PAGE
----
If you choose to have a family dog, make sure you choose a dog that will fit well with your family. It is important to train your dog to follow your commands as well as socialize them to be around other people and animals. Teach your child to show affection by gently petting the dog on the side of their neck or on their chest. They should also learn that if the dog turns away when they are petting it, it is a signal to leave them alone.

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Ask the pediatrician: Lyme disease

Hi Dr. C.,

Now that the weather is warmer, my kids are outside all the time. I’m worried about Lyme disease. What can I do to help protect them from ticks?

This is a concern that I hear from a lot of parents. To help prevent tick bites and Lyme disease, keep the following information in mind when out in the woods this summer.

What is Lyme disease?
Lyme disease results from being bitten by a deer tick that is infected with a certain bacterium. It can be treated with antibiotics if diagnosed early enough. However, if left untreated, it can cause severe arthritis, heart problems, and nerve damage.

How do I get Lyme disease?
Ticks are usually found in wooded, brushy, or grassy areas. They attach themselves to people or animals and can then be brought into yards or houses. Once the tick finds a host, it embeds its mouthparts into the host's skin to feed, and if infected, it can pass bacteria into the host's bloodstream.

How do I know if I've been bitten?
Usually a ring or bull's eye-shaped rash will develop at the site of the bite. However, 20 to 40 percent of people with Lyme disease don't develop a rash at all. Symptoms of the early stages of the disease include fever or chills, muscle or joint pain, headache, and fatigue. Often people don't feel the tick bite them, so check your body after being in a tick-infested area. Ticks usually hide in the hairy areas of the body, like the groin, armpit, and scalp.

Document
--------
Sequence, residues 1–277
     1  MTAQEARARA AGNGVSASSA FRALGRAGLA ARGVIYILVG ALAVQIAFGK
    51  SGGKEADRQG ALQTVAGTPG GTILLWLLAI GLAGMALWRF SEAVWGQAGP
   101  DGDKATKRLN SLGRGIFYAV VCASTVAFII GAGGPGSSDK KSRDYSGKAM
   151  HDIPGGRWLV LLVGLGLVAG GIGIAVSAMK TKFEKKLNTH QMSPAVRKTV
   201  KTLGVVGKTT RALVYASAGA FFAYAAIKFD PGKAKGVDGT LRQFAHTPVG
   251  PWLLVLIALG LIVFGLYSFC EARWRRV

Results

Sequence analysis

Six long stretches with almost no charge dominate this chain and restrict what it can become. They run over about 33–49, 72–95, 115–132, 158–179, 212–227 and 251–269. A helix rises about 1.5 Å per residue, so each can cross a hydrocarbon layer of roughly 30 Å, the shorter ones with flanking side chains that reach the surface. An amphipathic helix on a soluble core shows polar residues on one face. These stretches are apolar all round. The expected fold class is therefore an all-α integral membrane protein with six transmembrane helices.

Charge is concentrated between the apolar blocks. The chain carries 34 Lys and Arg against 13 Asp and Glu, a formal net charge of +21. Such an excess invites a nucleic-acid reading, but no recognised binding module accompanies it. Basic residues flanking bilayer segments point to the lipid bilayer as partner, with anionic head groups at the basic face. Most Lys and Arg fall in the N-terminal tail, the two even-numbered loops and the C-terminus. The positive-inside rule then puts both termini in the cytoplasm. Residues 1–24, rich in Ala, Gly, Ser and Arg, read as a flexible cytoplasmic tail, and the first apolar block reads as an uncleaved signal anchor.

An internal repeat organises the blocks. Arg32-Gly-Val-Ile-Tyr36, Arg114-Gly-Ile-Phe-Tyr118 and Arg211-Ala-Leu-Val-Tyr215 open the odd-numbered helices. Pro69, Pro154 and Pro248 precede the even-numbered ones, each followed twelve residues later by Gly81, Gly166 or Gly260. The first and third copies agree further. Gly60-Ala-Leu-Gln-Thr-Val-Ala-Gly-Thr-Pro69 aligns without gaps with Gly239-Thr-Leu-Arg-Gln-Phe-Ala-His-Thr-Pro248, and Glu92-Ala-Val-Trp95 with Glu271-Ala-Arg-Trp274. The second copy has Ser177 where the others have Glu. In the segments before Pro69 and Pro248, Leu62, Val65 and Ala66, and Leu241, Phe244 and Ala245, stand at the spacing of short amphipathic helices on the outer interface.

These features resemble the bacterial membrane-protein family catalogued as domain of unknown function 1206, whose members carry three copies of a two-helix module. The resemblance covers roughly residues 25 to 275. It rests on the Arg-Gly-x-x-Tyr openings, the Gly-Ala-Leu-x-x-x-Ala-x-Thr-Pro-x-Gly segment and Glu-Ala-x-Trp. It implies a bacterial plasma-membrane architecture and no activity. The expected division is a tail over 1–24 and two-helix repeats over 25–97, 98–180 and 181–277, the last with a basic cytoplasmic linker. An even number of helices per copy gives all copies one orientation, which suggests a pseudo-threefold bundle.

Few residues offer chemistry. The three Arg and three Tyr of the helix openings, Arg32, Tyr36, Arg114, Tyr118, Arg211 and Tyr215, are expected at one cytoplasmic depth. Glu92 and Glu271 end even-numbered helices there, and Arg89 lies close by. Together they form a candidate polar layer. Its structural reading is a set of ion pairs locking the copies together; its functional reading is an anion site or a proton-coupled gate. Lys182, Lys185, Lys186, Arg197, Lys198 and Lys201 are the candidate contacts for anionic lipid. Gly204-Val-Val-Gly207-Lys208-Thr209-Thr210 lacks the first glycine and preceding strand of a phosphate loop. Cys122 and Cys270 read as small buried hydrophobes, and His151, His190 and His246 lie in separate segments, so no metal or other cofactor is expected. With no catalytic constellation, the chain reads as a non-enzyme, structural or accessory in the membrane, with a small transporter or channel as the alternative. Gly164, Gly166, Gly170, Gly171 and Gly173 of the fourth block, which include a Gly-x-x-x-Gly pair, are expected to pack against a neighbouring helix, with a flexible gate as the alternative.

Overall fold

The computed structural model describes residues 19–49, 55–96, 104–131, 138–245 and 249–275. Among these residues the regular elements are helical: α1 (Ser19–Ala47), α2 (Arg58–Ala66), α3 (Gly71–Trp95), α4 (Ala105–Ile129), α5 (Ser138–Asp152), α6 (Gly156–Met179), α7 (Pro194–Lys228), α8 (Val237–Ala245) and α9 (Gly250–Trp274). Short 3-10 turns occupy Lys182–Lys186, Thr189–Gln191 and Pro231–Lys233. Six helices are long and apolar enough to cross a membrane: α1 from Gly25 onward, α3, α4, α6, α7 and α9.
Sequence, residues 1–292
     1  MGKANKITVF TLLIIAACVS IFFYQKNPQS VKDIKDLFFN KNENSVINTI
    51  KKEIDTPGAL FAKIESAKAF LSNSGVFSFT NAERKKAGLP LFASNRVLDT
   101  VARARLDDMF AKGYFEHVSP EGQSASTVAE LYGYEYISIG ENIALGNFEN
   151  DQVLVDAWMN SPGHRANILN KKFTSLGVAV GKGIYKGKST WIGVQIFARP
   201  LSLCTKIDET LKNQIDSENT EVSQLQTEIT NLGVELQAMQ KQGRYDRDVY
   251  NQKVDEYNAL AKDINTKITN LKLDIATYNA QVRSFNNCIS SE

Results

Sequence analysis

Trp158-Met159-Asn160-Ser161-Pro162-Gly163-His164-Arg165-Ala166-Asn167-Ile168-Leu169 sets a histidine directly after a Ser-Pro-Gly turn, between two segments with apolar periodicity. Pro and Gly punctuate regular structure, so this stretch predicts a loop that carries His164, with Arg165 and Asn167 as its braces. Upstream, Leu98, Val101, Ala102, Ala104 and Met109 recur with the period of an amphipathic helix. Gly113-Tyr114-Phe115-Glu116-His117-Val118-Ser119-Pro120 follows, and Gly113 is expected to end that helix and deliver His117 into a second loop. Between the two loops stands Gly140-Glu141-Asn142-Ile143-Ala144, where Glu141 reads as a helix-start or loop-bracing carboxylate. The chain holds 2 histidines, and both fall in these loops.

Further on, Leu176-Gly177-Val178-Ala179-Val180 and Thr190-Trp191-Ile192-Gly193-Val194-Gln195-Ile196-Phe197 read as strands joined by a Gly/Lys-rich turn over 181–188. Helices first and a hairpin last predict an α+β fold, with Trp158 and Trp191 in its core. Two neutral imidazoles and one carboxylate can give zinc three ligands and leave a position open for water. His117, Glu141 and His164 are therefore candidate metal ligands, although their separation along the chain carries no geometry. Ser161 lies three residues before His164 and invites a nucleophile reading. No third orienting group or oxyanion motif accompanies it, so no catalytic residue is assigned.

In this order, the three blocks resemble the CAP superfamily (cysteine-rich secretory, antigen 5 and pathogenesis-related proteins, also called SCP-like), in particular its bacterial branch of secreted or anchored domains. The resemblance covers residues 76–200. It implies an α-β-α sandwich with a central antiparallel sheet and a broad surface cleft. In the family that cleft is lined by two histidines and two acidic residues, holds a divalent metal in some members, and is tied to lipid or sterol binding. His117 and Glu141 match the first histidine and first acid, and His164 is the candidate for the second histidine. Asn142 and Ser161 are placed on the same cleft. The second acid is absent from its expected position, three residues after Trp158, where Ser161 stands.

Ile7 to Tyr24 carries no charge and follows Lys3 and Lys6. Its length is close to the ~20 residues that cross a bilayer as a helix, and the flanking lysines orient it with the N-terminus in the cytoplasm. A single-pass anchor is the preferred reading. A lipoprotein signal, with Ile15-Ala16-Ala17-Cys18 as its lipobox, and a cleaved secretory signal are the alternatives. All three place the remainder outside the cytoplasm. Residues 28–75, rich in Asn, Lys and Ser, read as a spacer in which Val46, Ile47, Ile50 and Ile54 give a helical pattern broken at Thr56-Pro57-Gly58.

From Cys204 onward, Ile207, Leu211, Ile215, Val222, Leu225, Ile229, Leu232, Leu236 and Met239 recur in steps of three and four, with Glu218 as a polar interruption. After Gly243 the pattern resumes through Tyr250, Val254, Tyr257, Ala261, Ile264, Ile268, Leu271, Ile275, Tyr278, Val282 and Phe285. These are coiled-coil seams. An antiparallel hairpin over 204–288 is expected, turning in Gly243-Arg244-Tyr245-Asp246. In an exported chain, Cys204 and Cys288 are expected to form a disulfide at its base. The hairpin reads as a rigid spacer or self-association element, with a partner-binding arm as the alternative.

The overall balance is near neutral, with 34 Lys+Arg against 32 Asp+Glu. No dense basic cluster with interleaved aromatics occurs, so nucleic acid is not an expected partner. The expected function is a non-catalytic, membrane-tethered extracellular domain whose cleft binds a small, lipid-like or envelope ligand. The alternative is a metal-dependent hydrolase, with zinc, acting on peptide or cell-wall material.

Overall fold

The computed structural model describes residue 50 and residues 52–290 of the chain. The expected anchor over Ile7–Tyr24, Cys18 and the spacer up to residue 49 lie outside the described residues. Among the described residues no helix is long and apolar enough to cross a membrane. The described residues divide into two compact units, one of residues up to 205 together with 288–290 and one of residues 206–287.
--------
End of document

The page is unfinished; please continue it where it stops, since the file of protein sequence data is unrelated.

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Waterlogged— swimmer’s ear can be painful, irritating
Written by Dawn Sanzotti, PA-C, MHS, ear, nose & throat/audiology, Mount Nittany Physician Group
Dawn Sanzotti, PA-C, MHS, ear, nose & throat/audiology, Mount Nittany Physician Group

Whether you’re in the water for hours every day or simply take a dip during summer scorchers, you may find yourself with swimmer's ear.

Swimmer’s ear, an infection called otitis externa, occurs when water remains in the outer ear canal, creating a moist environment that supports bacterial growth. The result can be painful and irritating.

Typically the symptoms begin as mild, but they can easily progress if the infection is not treated. At the onset, you may notice itching in the ear, a slight redness, drainage of fluid, and increasing pain. Symptoms of advanced swimmer's ear include decreased or muffled hearing, pain that radiates to the face and neck, complete blockage of the ear canal, swelling, fever, and intense pain.

Interestingly, when the climate becomes excessively warm and humid, bacteria may still become trapped inside the ear canal and lead to infection, even if you have not been swimming.

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Recent product recalls

Here are recent product recalls announced by the U.S. Consumer Product Safety Commission (CPSC). For the most up-to-date recall information, please visit and click on the Recalls tab from the home page.


Name of product: Sensory Grab Garb Blankets

Hazard: Wire-edged ribbon used in the blanket’s ribbon tags can become exposed, posing a laceration hazard to children.

Incidents/Injuries: The firm has received one report of a child that was scratched by the wire that came out of the ribbon tag.

Description: The Sensory Grab Garb blanket is a six-inch square of soft fabric with crinkle paper inside and ribbon tags in the middle of each of the four sides. One side of the blanket contains a white satin ribbon tag with the words “Goochie Goo Garbs” on it. The polka-dot ribbon tags are black, blue, green, pink or red ribbons with white polka dots. The blankets come in a variety of child themed patterns including shapes, animals and superhero themes. Only the six-inch square Sensory Grab Garb blankets with colored polka-dot ribbon tags attached to the side of the blanket are included in the recall.